Lowry joined in on the discussion with some other fleets and a company driver to talk about their use of electronic on-board recorders. The general census was: so far, so good.
Lowry said the use of EOBRs in Central Refrigerated's fleet has made it much easier to look at every violation, identify risky drivers and take the appropriate actions, such as training drivers. The technology also helps log auditors because the log is much more legible. Central Refrigerated had the technology fully implemented by February 2009.
C.R. England rolled out the technology starting in January 2009, and was fully implemented by the end of 2009. For Dustin England, director of safety at C.R. England, electronic logging meant virtually no more missing logs or falsifications by the drivers. Prior to deploying the technology, the company would be missing between 8 to 10 percent of its driver logs. "We've eliminated that issue," he said.
"As a safety person, it helps you sleep a little better at night," he added.
England said the carrier has also seen a 79 percent reduction in its driver out of service rate since the transition.
Cargo Transporters, which has about 400 power units, took the leap in late October 2008, with the whole fleet outfitted with electronic logging by the end of 2008. According to John Pope, chairman of Cargo Transporters, they have not had a driver placed out of service since October 2008. When the carrier was using paper logs, Cargo Transporters had about 102 violations on its books. In 2009, the number was down to six violations.
"It's been a dramatic change for us," Pope said.
The panelists also indicated that the use of electronic logging has improved their fleet's service. One reason for this, Lowry said, is that drivers are getting better at trip planning.
According to Kirby Sollom, a driver for Schneider National, electronic logging self-educates drivers on legal hours of service. This raises their performance, he said. With a text-to-speech capability, drivers can find out how many hours they have left with the push of a button. "It literally forces that driver to say, 'Where am I?'" he said.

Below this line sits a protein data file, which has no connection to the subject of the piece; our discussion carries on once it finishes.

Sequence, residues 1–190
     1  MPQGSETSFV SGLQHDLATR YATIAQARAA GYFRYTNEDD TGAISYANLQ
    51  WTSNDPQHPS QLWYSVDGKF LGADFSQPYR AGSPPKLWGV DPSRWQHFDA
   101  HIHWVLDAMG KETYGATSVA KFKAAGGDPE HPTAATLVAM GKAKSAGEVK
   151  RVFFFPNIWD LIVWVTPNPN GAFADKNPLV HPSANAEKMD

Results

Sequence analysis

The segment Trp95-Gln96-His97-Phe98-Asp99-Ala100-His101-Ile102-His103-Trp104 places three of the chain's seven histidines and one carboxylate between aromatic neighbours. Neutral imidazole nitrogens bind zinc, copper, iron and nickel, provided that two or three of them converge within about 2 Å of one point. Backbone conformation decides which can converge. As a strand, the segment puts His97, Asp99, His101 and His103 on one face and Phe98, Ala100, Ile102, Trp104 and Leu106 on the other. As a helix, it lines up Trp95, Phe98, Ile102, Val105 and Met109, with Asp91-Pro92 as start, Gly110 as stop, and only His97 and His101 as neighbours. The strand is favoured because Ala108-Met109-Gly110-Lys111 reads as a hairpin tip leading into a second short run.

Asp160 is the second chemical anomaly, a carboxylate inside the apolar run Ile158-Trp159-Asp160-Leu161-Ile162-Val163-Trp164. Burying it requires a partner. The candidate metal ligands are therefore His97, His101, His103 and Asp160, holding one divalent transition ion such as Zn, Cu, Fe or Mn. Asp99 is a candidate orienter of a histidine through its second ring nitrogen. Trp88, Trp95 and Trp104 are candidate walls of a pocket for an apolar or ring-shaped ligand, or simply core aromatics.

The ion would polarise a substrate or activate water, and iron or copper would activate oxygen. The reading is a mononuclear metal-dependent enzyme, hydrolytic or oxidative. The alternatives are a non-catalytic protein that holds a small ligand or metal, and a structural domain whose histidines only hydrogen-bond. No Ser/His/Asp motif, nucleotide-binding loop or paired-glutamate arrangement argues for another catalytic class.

One of the most common fears the panelists had when they were first considering the technology was that their drivers were going to be resistant. According to Sollom, drivers were a little skeptical at first, but after a day or two, "the comfortability factor just zeroed out."
Sollom said that many of the drivers he trained on the system were worried that they would make less money or be less productive on electronic logs. But drivers found that their productivity levels either stayed the same or improved. In fact, Sollom gained about four to six hours per week using electronic logging.
"There are a lot of benefits that individual drivers don't see up front," Sollom said.
For drivers, it means less paperwork, less addition, and more trust between the driver and dispatch. "It leveled the playing field," Lowry said.
"It takes the pen away; it takes the guessing away," Sollom said. "Once the myths are drained out, the drivers really do like it."
The Bottom Line
In addition to safety, service and retention, the switch to electronic logs also helped these fleets improve their bottom line.
Central Refrigerated ended up saving $50,000 a year from the reductions in processing costs. The carrier also got the amount of revenue going to safety down to 4.5 percent.
Cargo Transporters was able to cut expenses in mailing and scanning. The company was also able to eliminate a person in that department because of the reduction in paperwork.